Economy to recover pre-pandemic output from 2022, low polyolefins prices take toll - Borealis CEO

Author: Jonathan Lopez


LONDON (ICIS)--Economic output pre-pandemic levels are likely to be recovered globally only “beyond 2021” and polyolefins low prices could remain for the foreseeable and put a strain on producers, the CEO at Austrian polymers and fertilizers major Borealis said to ICIS.

Borealis presented earlier on Thursday its second-quarter results, with sales lower than the second quarter of 2019, and net profit falling 80%.

Despite this, company chief Alfred Stern said the producer was able to manage several storms at once: pandemic-induced lockdowns, a fire at its Stenungsund, Sweden, cracker in May and inventory charges close to €100m as a consequence of the crude oil price fall.

Despite growing signs that a V-shaped recovery is not taking place, the talk about a quick rebound continues to puzzle analysts and economists alike.

Last week, the CEO of Germany’s chemicals major BASF said China was the “only country” showing signs of a such a rebound.

Stern would not go that far, however. China is a big market for the company as urbanisation keeps feeding interest for polyolefins coming out of its Borouge joint venture in Abu Dhabi; the V-shaped recovery, he said, is not taking place in China or anywhere else in the world.

“What we are seeing, and it’s very similar to the general industry view, is that April was the low point: we saw a decrease in demand for our products of 60-70%; in May and June many segments downstream did start to recover,” he said.

“However, it will take some time until we get back to 2019 levels – probably beyond 2021.”

Borealis holds a 40% stake at the Borouge joint venture in Abu Dhabi, with capacity to produce 4.5m tonnes/year of different polyolefins grades; local oil major ADNOC holds the remaining 60% stake.

Borealis is privately owned by Abu Dhabi’s investment fund Mubadala (64% stake) and Austria’s energy major OMV with the remaining 36%, OMV is to become the majority shareholder by year end (75%).

Together with the “close to three-digit figure” impairment charges accounted for in the second quarter, related to the fall in crude oil prices in the assets linked to that commodity, Borealis had to deal with a force majeure at its Stenungsund cracker.

Borealis declared force majeure in mid-May at its Stenungsund cracker after a fire; the facility has production capacities for ethylene (625,000 tonnes/year), propylene (200,000 tonnes/year) and low density polyethylene (LDPE, 350,000 tonnes/year).

Those polyolefins have performed well year to date, compared to sharp downturns in other petrochemicals, as packaging and health-related products boomed due to the pandemic.

Borealis’ CFO, Mark Tonkens, said that supply to customers did not get cut off after the force majeure, but the company had to source material elsewhere to meet its obligations.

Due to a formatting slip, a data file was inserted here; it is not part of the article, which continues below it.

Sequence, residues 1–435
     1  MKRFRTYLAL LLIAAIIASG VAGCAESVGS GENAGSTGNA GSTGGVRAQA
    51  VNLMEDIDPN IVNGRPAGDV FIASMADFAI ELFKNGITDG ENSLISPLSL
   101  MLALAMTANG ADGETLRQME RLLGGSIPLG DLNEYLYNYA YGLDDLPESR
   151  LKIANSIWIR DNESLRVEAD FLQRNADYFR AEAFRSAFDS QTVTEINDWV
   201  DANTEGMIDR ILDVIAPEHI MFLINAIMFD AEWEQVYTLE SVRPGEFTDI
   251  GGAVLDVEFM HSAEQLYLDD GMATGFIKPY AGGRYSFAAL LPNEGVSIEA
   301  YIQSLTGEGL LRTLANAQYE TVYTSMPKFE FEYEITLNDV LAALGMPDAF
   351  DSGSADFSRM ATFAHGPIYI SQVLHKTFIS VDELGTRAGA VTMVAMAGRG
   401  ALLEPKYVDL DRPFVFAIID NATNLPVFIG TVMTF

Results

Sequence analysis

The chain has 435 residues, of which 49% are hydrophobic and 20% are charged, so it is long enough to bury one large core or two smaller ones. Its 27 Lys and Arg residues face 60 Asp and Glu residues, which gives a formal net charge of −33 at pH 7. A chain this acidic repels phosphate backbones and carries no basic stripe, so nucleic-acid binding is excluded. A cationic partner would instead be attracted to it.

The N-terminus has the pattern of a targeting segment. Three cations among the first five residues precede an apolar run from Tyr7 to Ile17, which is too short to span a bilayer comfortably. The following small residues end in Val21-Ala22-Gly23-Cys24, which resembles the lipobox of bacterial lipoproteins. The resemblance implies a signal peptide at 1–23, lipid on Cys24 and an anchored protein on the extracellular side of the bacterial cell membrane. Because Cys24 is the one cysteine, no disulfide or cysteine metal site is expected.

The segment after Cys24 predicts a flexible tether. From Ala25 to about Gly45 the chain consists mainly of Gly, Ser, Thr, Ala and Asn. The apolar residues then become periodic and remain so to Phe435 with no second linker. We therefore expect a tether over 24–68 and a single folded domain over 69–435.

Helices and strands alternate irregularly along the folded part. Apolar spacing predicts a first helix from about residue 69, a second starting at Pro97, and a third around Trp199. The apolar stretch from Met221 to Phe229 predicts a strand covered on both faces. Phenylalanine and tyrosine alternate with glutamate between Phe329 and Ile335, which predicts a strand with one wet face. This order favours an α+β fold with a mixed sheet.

“We lost ethylene output but managed to keep the plants running, continuing with ethylene supply from other sources. We didn’t have to disappoint our polyolefins customers, and the insurance policy will cover cracker losses,” said Tonkens.

“We lost our light feedstock cost advantage and, with the fall in crude oil and naphtha, we made an impairment charge of close to the three-digit figure [in million]. The feedstock cost advantage is returning, and we already saw an improvement by the end of the second quarter.”

Tonkens added that the hit to the second-quarter net profit had also come from still-depressed prices for polyolefins in Asia in what has become “a difficult market” after the pandemic started and also due to global capacity additions.

He said sales volumes had increased, both from Borouge and at European facilities, but lower pricing had reduced sharply margins.

Stern was also asked about the US’ economy and how the forecast for a rebound in the third quarter is starting to evaporate as high infection rates could require further lockdown-like measures to contain the spread of the virus.

Stern did not answer the question, apart from saying Borealis’ priority is to keep its US employees safe.

Unlike his predecessor Mark Garrett, Stern will not easily engage in commentary about global or regional politics, and lobbies in a more tempered manner about regulatory burdens in the EU than Garrett, who even questioned the EU itself in its current form.

Stern did praise, however, the EU’s Green Deal, a new plan by the 27-country bloc to sharply reduce carbon dioxide (CO2) emissions and push for a circular economy.

The EU approved in July a €750bn Pandemic Recovery Fund which will be linked to the Green Deal – countries receiving financial support will have to spend the money in green economy-related investment plans.

“It is important we move forward with the circular economy, now even more than before the pandemic, and this will not happen without good policy environment,” said Stern.

“From that perspective, the EU has a great opportunity to take advantage of that: both on circular economy and on sustainability.”

Front page picture: Borealis' joint venture Borouge facilities in Abu Dhabi
Source: Borouge

Interview article by Jonathan Lopez